With my growing brood fed, I wanted to analyze our prospects in other basic areas we often take for granted -- clothes, for example. I quickly realized that the long-term question might not be "Where will I find fair-trade organic cotton boxer briefs?" but rather, "Where will I get any underwear at all?" In post-consumer 2049, children in Bangladesh will no longer be sewing my skivvies for me. Luckily, my sweetheart has taken up knitting. And we're pricing alpacas.

First things first, though. I won't even have a place to store my underwear if I don't think about the ranch's physical security. What if my family gets its survival cards in order -- and hordes of former Wal-Mart shoppers don't? What could we do to stop them from treating my ranch like a buffet line?

"Form a small army," my friend Wiley recently suggested -- or at least a well-armed clan. That might be a good start. I've kept his suggestion under my hat until now because I recognize that, to people in the civilized world, the idea of armed ranch protection conjures images of Waco compounds. But here in rural New Mexico, folks take this kind of discussion seriously.

Security, alas, is just one of my concerns about a post-oil scenario. I have to be able to maintain a life worth securing. Here again, I found myself thinking tribally, recalling my predecessors in this valley and on my very property, the Mimbrenos.

The Mimbrenos were the indigenous folks who thrived here for 1,000 or so years in numbers greater than we have today, and without Realtors. Maybe their share-the-tasks system would work in post-consumer society. Someone else could take care of, say, the equipment maintenance work I don't know how to do. I'm talking about basic stuff -- fixing broken windmill blades and fridge motors.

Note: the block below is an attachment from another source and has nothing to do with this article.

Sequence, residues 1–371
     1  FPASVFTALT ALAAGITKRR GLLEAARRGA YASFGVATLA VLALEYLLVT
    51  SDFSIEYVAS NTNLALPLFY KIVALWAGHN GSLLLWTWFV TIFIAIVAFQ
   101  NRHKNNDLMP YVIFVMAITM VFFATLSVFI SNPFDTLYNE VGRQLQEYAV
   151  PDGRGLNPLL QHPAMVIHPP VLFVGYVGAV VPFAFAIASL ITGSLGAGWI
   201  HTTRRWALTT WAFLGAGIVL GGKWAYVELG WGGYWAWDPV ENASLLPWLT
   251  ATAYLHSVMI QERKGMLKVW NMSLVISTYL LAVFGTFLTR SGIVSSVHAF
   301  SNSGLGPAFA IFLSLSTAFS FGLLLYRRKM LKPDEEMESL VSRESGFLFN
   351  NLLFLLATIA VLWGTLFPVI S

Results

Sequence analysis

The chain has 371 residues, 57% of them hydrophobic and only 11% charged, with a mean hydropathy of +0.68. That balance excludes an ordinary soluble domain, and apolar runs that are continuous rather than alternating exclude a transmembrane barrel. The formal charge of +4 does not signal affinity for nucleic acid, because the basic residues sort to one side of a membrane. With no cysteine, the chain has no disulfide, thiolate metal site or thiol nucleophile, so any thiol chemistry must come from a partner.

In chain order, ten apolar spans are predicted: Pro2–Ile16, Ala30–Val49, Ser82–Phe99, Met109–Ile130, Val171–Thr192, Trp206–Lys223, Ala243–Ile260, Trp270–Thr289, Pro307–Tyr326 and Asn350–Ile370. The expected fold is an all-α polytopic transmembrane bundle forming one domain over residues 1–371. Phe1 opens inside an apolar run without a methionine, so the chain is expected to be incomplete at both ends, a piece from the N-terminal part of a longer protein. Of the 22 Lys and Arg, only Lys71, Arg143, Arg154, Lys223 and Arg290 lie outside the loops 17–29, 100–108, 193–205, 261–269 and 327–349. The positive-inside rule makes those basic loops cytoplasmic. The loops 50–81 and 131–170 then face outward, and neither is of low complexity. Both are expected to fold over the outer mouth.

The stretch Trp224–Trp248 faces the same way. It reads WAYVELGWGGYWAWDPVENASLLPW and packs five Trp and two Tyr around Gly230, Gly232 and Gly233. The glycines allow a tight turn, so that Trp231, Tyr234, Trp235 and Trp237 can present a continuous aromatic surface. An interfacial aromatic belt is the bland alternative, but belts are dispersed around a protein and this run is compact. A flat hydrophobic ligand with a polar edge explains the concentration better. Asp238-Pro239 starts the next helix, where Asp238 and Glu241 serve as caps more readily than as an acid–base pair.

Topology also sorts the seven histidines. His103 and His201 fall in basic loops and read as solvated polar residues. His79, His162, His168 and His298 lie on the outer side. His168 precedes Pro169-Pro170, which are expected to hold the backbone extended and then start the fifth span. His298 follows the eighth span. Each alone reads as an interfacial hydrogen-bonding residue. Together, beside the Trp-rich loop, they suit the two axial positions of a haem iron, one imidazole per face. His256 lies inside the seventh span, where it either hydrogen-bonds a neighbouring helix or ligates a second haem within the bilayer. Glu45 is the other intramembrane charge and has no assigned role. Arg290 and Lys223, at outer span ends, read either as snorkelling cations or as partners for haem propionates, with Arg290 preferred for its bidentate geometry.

That brings me to my worst fears about 2049. Having been raised in the suburbs on fast food and TV (Gilligan, though a survivor, offers few useful tips), I can barely change my truck's oil, let alone wire a solar panel. So I have to make sure that my solar electrician, a former hippie named Craig, is a high-ranking member of the tribe. You think an electrician is hard to schedule now? The best house, polygamy, whatever it takes -- Craig would get it. We can write the myths however we want.

Nascent tribalism is already appearing in my obscure valley, largely because we modern Mimbrenos are so sick of driving 46 miles to and from town every time we need a carrot. In the past two years, a food co-op, a farmer's market and a harvest festival have all started up.

Surely I'm forgetting some essential aspect of life in 2049, the way I inevitably forget at least one shopping item every time I schlep into town. Have I stockpiled enough light bulbs and seeds? What about medicine? I'm not too concerned, though. I think I have a priceless asset in my expanding herd of goats, which will make up for supply gaps. Whenever I need something I neglected to stockpile during the boom times of globalization, I'll barter off a goat kid like someone out of "The Red Tent." I don't think we'll starve.

Overall, I'm surprised to have come away from my ranch assessment feeling fairly well positioned for a post-apocalyptic 2049. Of course, the chaos that's sure to ensue if local living morphs quickly from voluntary to mandatory makes it difficult to predict exactly what life will be like. But this assessment has shown me that the only way I can become truly independent (a word I like even better is "indigenous") is through incremental steps based in a local economy. Yikes. I'd better start trying to get along with my less-friendly neighbors. Meanwhile, I'm investing in green tech.


Doug Fine is the author of "Farewell, My Subaru." He blogs at www.dougfine.com and will be online to chat with readers Monday at 11 a.m. Submit your questions and comments before or during the discussion.